• Behçet’s Disease: Treatment with Otezla is associated with an increase in depression. During the clinical trial, 1% (1/104) reported depression or depressed mood compared to 1% (1/103) treated with placebo. No instances of suicidal ideation or behavior were reported in patients treated with Otezla or treated with placebo
  • Weight Decrease: Monitor body weight regularly; evaluate unexplained or clinically significant weight loss, and consider
    discontinuation of Otezla
    • Plaque Psoriasis: Body weight loss of 5-10% occurred in 12% (96/784) of patients with moderate to severe plaque psoriasis treated with Otezla and in 5% (19/382) of patients treated with placebo. Body weight loss of ≥10% occurred in 2% (16/784) of patients treated with Otezla compared to 1% (3/382) of patients treated with placebo
    • Psoriatic Arthritis: Body weight loss of 5-10% was reported in 10% (49/497) of patients taking Otezla and in 3.3% (16/495) of patients taking placebo
    • Behçet’s Disease: Body weight loss of >5% was reported in 4.9% (5/103) of patients taking Otezla and in 3.9% (4/102) of
      patients taking placebo
  • Drug Interactions: Apremilast exposure was decreased when Otezla was co-administered with rifampin, a strong CYP450 enzyme inducer; loss of Otezla efficacy may occur. Concomitant use of Otezla with CYP450 enzyme inducers (e.g., rifampin, phenobarbital, carbamazepine, phenytoin) is not recommended

Adverse Reactions

  • Plaque Psoriasis: The most common adverse reactions (≥5%) are diarrhea, nausea, upper respiratory tract infection, and headache, including tension headache. Overall, the safety profile of Otezla in patients with mild to moderate plaque psoriasis was consistent with the safety profile previously established in adult patients with moderate to severe plaque psoriasis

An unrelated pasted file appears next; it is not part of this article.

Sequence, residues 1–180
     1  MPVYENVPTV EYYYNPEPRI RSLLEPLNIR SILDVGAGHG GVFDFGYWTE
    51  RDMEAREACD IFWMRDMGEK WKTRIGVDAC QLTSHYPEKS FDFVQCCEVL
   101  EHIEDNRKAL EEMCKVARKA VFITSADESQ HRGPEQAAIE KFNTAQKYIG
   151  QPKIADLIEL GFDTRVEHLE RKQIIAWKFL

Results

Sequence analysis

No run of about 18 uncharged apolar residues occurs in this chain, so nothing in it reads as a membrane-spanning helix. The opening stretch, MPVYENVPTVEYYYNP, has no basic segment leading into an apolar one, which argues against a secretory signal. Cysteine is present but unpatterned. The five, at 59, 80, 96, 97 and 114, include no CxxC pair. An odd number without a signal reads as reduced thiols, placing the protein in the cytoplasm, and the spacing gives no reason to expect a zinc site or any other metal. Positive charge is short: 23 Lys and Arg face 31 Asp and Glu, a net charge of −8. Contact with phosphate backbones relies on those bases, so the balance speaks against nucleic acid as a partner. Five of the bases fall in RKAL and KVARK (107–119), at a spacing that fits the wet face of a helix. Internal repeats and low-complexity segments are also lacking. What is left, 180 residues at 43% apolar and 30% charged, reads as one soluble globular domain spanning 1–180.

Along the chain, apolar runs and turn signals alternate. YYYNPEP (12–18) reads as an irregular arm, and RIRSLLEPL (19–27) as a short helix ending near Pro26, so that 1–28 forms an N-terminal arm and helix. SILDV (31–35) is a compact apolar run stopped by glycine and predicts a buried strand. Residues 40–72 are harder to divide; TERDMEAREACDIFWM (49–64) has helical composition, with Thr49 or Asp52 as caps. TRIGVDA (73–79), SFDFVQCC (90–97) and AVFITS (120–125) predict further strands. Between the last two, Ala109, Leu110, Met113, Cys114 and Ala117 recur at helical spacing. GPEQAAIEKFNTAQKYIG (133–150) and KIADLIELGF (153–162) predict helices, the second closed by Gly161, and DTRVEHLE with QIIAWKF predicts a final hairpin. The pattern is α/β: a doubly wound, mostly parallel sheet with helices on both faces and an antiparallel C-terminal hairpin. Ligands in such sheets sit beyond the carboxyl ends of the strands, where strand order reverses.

• Psoriatic Arthritis: The most common adverse reactions (≥5%) are diarrhea, nausea, and headache
  • Behçet’s Disease: The most common adverse reactions (≥10%) are diarrhea, nausea, headache, and upper respiratory tract infection

Use in Specific Populations

  • Otezla has not been studied in pregnant women. Advise pregnant women of the potential risk of fetal loss

Please click here for the full Prescribing Information.

INDICATIONS

Otezla® (apremilast) is indicated for the treatment of adult patients with plaque psoriasis who are candidates for
phototherapy or systemic therapy.

Otezla is indicated for the treatment of adult patients with active psoriatic arthritis.

Otezla is indicated for the treatment of adult patients with oral ulcers associated with Behçet’s Disease.

References: 1. Menter A, et al. J Am Acad Dermatol. 2020;82(6):1445-1486. 2. National Psoriasis Foundation. psoriasis.org. Accessed August 21, 2023. 3. Van Voorhees A, Feldman S, Lebwohl M, et al. The Psoriasis and Psoriatic Arthritis Pocket Guide. psoriasis.org/the-pocket-guide. Accessed August 27, 2023. 4. Lebwohl M, Ogdie A, Merola JF, et al. Abstract presented at: 2021 Maui Derm for Dermatologists; January 25-29, 2020; Maui, HI. 5. Gupta S, Garbarini S, Nazareth T, et al. Dermatol Ther. 2021;1-19. 6. Data on file, Amgen Inc. 7. Kaufman BP, Alexis AF. Am J Clin Dermatol. 2018;19(3):405-423. 8. Schafer P. Biochem Pharmacol. 2012;83(12):1583-1590. 9. Pariser D, Schenkel B, Carter C, et al. J Dermatolog Treat. 2016;27(1):19-26. 10. Mrowietz U, Kragballe K, Reich K, et al. Arch Dermatol Res. 2011;303(1):1-10. 11. Blakely K, Gooderham M. Psoriasis (Auckl). 2016;6:33-40. 12. Wilson FC, Icen M, Crowson CS, et al. Arthritis Rheum. 2009;61(2):233-239. 13. Kimmel GW, Lebwohl M. Psoriasis: Overview and Diagnosis. In: Evidence-Based Psoriasis. Updates in Clinical Dermatology. 2018;1-16. 14. Pasch MC. Drugs. 2016;76(6):675-705. 15. Strober BE, et al. Dermatol Ther (Heidelb). 2019;9:5-18. 16. Van de Kerkhof PC, Reich K, Kavanaugh A, et al. J Eur Acad Dermatol Venereol. 2015;29(10):2002-2010. 17. Merola J, Qureshi A, Husni M. Dermatol Ther. 2018;31(3):e12589. 18. Kim WB, Jerome D, Yeung J. Can Fam Physician. 2017;63(4):278-285. 19. Mease PJ, Armstrong AW. Drugs. 2014;74(4):423-441.